By JR on Saturday, June 04, 2011
But if it leads to distrust of Greenie policies, that may be a price worth paying
The rule of law stands as a bulwark against the arbitrary exercise of power by government. As such it is fundamental to fairness, the freedom of the governed, and the success of the liberal market economy – but it is frequently under attack, sometimes from unexpected quarters. Two recent examples spring to mind.
Retrospective legislation is antithetical to the rule of law. It is like changing the rules of the game after it has been played. But governments sometimes resort to it, citing extraordinary circumstances as the justification.
The freshly minted O’Farrell government in NSW is planning to tear up contracts entered into by its predecessor, which had promised to pay participants in the solar energy scheme a very generous 60 cents per kilowatt hour for electricity generated (the ‘feed-in tariff’). It plans retrospective legislation to invalidate the old contracts, cut the price paid, and deny participants in the scheme any legal recourse against the government.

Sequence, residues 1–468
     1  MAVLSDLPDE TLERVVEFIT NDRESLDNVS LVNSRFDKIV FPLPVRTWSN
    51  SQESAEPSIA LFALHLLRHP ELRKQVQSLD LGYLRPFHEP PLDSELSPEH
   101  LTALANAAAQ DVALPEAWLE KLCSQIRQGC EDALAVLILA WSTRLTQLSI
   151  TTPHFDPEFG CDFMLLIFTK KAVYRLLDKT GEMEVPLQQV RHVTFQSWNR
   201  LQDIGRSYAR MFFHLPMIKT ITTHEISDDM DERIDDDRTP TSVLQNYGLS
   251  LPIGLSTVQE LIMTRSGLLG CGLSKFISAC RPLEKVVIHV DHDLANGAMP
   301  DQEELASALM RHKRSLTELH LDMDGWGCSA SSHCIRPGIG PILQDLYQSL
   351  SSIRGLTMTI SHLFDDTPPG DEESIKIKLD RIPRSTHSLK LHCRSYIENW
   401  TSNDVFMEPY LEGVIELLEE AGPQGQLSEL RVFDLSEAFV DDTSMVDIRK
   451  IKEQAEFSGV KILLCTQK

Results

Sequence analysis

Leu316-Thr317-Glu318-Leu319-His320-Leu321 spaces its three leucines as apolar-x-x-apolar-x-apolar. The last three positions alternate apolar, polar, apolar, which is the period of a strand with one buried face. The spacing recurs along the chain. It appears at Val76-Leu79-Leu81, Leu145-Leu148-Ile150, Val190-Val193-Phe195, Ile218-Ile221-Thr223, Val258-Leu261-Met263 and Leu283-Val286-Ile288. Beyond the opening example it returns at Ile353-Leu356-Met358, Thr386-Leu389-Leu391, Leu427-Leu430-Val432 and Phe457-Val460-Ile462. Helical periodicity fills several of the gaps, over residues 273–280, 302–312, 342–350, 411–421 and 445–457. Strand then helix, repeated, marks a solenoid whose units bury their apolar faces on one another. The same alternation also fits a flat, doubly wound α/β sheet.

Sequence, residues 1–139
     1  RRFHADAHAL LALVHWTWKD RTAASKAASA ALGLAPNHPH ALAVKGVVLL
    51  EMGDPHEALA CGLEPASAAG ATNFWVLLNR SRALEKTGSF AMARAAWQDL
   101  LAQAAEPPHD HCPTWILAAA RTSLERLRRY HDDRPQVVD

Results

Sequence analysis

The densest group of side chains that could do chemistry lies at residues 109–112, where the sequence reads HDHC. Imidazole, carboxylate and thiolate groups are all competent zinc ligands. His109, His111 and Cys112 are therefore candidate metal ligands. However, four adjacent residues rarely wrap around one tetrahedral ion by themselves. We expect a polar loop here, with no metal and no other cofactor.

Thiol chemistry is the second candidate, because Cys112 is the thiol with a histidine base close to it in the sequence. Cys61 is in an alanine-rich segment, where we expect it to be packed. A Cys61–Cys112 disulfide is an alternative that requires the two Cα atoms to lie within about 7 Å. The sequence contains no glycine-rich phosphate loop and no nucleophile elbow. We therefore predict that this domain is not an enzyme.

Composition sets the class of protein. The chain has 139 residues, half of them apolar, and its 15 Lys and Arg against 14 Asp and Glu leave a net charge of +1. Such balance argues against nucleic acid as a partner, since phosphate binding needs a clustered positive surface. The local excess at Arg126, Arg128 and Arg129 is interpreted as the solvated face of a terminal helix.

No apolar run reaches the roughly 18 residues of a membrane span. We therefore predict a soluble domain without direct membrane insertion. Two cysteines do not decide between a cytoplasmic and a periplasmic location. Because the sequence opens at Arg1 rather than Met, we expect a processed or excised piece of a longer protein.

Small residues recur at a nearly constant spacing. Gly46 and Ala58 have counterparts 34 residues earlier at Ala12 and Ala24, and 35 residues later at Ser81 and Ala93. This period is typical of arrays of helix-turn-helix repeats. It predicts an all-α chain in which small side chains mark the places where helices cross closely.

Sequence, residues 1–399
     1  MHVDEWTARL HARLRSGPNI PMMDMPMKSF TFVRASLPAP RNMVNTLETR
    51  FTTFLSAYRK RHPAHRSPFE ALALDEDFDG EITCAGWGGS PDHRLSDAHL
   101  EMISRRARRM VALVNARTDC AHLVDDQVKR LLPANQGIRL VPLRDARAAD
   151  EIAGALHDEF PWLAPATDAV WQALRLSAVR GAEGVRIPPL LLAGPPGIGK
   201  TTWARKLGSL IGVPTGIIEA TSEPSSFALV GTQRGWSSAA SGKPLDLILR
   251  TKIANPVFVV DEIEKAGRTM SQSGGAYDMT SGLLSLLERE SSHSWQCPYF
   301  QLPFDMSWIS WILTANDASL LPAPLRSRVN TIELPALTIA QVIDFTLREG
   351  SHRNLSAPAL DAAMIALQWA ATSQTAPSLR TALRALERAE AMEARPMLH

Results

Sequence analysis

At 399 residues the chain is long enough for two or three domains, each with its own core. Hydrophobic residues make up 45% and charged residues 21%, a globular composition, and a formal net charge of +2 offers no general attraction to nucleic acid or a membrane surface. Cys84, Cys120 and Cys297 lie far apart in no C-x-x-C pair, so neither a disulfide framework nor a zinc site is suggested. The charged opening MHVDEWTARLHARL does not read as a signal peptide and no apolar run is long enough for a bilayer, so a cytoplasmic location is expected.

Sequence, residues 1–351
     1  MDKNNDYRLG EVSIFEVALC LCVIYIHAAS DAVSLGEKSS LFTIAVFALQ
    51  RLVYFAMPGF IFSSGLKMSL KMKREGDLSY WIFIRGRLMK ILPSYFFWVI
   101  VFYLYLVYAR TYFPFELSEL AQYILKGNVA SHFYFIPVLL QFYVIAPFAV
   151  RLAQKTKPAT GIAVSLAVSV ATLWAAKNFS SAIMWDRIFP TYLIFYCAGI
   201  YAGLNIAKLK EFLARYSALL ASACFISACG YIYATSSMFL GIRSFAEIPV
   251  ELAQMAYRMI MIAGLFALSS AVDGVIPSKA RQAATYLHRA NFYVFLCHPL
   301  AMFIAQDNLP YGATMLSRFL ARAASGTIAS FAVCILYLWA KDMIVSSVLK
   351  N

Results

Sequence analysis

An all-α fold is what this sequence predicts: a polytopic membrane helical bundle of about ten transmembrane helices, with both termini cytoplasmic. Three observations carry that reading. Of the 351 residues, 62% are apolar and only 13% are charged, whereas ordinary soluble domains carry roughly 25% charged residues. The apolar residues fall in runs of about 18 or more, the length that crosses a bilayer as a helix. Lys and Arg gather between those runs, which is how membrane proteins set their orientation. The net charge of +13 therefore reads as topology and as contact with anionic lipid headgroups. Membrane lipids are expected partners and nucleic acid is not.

The solar scheme was an atrocious act of public policy, adopted by the previous government in the expectation that the nasty fiscal consequences would be someone else’s problem.
But can an action of one government be so bad that it justifies retrospective legislation by a successor government? Opinions will differ on this, but the avoidance of retrospectivity is such an important principle that the justification should be very strong indeed, and in my opinion stronger than in this case.
The above is a press release from the Centre for Independent Studies, dated 3 June. Enquiries to email@example.com. Snail mail: PO Box 92, St Leonards, NSW, Australia 1590.